Chapter XX.—False Theories of Philosophers.
“And some of those amongst them who even profess to be philosophers, assert that such sins are indifferent, and say that those who are indignant at such practices are senseless. 1042 For they say that such things are not sins by nature, but have been proscribed by laws made by wise men in early times, through their knowing that men, through the instability of their minds, being greatly agitated on these accounts, wage war with one another; for which reason, wise men have made laws to proscribe such things as sins. But this is a ridiculous supposition. For how can they be other than sins, which are the cause of tumults, and murders, and every confusion? For do not shortcomings of life 1043 and many more evils proceed from adultery?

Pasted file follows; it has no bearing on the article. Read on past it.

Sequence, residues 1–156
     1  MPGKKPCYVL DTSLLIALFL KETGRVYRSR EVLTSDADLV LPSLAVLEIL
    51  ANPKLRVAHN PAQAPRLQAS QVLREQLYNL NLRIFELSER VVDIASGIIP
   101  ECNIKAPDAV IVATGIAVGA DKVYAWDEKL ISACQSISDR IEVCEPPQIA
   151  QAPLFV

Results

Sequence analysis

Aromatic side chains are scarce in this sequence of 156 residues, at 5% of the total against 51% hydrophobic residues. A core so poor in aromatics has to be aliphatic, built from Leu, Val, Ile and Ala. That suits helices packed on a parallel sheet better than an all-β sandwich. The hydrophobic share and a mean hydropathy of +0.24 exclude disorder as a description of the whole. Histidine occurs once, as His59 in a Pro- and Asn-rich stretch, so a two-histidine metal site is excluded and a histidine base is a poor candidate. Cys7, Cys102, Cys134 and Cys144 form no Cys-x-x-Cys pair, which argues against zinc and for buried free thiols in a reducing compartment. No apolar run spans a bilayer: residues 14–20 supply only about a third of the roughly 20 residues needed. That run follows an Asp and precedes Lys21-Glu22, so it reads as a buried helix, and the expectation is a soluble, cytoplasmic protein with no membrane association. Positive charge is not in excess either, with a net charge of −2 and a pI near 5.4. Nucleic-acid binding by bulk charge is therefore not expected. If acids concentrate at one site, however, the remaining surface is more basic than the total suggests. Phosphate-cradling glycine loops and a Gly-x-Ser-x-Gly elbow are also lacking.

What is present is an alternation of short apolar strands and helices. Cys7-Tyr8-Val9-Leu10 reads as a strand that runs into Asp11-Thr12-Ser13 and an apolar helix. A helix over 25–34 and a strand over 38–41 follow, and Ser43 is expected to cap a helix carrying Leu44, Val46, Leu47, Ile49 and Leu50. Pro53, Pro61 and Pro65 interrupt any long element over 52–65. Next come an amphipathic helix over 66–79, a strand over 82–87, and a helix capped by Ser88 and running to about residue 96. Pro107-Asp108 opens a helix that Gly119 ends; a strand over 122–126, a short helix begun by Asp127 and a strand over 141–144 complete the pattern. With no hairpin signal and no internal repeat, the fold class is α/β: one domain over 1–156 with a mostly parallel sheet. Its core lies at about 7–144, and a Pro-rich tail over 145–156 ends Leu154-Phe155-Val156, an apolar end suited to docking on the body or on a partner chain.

[Compare the argument against the philosophers, as put in the mouth of the Apostle, in Recognitions, x. 48–50.—R.]255:1043
The Vatican ms. inserts here, “upturning of houses, magic practices, deceptions, perplexities.”